Winter Checklist for Homeowners
Owning a home requires seasonal maintenance in order to keep important systems working properly. Most families stay inside the majority of the winter season. There are some tasks that need to take place before large amounts of snow or cold temperatures accumulate.
Hoses that remain outside for a long period of time collect water inside of them even after they are turned off. Before temperatures reach freezing, drain out the hose by taking one end and lifting it while moving down the hose line. Bring the hose inside so that it does not freeze and can be used the next spring season.
Flower pots, outdoor furniture, and decorative pillows should be covered before the first freeze. If a place to store them is available, this would be the safest option. With flower pots, the soil inside of them gets wet from snow or rain and when the temperature gets to freezing, the soil expands and breaks ceramic flower pots. If you cannot store them inside, empty the soil and cover them during the winter.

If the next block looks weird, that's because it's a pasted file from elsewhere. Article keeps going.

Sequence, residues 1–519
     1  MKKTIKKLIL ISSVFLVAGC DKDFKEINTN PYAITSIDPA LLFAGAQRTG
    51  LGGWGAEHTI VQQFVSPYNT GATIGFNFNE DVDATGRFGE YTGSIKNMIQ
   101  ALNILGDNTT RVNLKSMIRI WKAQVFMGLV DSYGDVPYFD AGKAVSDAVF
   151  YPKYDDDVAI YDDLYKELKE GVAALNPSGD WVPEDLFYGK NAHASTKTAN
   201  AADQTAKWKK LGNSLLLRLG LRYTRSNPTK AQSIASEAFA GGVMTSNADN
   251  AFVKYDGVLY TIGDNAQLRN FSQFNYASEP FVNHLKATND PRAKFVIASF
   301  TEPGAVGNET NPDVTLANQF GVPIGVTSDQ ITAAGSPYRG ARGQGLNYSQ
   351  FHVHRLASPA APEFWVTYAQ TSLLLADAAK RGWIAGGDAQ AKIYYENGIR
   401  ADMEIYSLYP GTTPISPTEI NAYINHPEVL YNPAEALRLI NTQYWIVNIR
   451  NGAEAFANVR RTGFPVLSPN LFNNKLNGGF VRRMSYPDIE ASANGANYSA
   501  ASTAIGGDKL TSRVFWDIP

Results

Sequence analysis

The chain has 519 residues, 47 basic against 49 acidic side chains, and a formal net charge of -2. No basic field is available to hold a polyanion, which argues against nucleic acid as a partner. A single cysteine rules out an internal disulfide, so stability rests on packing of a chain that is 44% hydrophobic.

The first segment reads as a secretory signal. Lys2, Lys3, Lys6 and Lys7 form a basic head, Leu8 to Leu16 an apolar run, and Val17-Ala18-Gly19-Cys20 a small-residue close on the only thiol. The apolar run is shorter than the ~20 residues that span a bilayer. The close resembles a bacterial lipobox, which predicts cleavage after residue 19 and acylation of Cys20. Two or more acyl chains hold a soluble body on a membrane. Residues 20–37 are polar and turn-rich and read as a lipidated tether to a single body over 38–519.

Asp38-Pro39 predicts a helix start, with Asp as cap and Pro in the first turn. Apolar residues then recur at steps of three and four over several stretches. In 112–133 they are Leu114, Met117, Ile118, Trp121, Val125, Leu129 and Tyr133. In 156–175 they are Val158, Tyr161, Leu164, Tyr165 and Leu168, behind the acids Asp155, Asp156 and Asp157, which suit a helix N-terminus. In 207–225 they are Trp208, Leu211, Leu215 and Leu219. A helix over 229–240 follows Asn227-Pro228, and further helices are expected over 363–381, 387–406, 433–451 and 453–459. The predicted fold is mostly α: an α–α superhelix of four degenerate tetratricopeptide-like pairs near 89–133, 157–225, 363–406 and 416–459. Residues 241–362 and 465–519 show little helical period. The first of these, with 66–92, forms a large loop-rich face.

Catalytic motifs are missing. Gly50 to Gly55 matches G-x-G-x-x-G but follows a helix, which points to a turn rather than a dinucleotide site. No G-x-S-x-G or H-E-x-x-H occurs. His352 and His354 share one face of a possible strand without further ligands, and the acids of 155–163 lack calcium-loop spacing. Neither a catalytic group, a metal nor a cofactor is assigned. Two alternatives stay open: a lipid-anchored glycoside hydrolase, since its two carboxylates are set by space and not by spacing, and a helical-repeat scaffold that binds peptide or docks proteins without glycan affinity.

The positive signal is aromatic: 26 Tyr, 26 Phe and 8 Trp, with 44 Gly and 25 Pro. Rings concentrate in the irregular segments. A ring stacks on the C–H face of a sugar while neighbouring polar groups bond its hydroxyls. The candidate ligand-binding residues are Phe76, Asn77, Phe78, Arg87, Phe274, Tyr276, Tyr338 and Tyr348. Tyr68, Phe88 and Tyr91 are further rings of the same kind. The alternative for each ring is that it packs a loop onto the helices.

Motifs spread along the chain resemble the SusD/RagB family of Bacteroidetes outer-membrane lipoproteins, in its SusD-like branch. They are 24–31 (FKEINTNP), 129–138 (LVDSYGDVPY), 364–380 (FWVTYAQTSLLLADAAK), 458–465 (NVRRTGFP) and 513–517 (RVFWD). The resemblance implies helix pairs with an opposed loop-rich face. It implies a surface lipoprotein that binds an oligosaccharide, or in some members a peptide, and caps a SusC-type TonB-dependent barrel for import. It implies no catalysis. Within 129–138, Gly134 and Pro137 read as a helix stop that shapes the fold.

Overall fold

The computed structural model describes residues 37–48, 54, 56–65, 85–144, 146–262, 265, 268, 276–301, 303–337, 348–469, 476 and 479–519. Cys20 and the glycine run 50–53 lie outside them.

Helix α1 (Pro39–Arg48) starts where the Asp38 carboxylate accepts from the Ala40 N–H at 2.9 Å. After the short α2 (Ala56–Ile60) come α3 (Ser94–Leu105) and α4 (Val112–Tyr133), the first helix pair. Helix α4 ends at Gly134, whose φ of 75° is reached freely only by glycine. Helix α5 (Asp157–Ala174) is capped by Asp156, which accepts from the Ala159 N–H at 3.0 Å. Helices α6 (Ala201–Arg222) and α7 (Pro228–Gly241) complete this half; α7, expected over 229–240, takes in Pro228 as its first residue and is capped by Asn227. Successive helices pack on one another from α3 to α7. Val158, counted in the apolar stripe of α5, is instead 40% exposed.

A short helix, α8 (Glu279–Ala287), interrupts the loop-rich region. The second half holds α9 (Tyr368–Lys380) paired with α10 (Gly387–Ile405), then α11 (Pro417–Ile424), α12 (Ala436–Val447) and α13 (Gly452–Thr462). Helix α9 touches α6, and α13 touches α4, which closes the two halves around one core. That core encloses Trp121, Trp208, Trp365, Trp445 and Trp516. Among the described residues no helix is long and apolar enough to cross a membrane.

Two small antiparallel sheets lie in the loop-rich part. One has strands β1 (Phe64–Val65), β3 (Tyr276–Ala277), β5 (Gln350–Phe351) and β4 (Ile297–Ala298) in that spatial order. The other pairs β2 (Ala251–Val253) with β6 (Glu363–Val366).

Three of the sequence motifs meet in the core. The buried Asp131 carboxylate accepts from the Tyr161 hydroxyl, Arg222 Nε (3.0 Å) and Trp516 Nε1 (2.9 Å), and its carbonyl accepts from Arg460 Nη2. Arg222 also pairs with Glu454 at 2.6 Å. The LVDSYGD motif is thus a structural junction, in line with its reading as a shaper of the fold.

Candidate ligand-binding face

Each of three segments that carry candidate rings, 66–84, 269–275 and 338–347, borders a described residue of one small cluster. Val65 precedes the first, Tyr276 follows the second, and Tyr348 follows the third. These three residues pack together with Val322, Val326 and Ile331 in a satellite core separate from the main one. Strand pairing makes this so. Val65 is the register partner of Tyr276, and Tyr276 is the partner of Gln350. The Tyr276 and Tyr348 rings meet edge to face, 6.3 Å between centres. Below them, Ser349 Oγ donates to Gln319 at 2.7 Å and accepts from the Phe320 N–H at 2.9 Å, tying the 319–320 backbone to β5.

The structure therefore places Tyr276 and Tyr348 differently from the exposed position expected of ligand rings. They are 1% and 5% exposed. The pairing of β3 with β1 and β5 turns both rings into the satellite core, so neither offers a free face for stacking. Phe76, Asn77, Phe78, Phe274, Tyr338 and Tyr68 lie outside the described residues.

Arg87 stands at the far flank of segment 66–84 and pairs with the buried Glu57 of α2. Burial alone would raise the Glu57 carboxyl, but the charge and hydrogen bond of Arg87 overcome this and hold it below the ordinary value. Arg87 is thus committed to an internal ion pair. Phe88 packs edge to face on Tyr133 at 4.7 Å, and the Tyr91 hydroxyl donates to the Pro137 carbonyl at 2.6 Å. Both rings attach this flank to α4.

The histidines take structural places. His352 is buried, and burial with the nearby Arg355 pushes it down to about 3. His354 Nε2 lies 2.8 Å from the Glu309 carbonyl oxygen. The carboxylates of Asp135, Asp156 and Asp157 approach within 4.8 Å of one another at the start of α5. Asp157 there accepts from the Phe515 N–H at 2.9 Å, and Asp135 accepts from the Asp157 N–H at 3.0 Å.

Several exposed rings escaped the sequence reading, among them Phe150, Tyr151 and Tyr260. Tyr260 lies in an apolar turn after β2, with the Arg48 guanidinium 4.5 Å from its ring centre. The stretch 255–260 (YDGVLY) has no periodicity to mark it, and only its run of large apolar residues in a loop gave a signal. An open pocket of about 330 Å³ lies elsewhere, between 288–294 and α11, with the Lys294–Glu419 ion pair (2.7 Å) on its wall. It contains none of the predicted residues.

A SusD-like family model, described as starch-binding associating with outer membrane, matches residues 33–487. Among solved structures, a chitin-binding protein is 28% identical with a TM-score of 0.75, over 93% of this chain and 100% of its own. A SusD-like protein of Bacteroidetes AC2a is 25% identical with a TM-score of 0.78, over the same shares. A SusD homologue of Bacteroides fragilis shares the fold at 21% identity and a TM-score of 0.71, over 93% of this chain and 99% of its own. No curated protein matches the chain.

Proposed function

This material is typically what a home relies on to keep warm air inside while the ground around it freezes. Make sure any pipes that are close to a window have plenty of insulation around them to prevent freezing. Check the insulation around walls, crawlspaces and in the attic. Adding insulation material could prevent your heating system from running for a long period of time, driving the heating bill up.
Winters can be harshly dry in many areas. Air that is cold and dry can cause irritated skin, discomfort while sleeping, and can worsen cold symptoms such as congestion. A humidifier can bring moisture into the air by water vapor spreading throughout your home. The humidity level in your home during the winter should be between 25 and 40 percent. Most standard humidifiers come with a built-in humidistat that turn off the machine when the right level is detected.
Before the first snow, any leaves that are blocking your gutters should be cleaned out. This helps the snow drain correctly once it melts. Make sure the downspouts from the gutters are turned away from your home to prevent any leaks in the basement or foundation.
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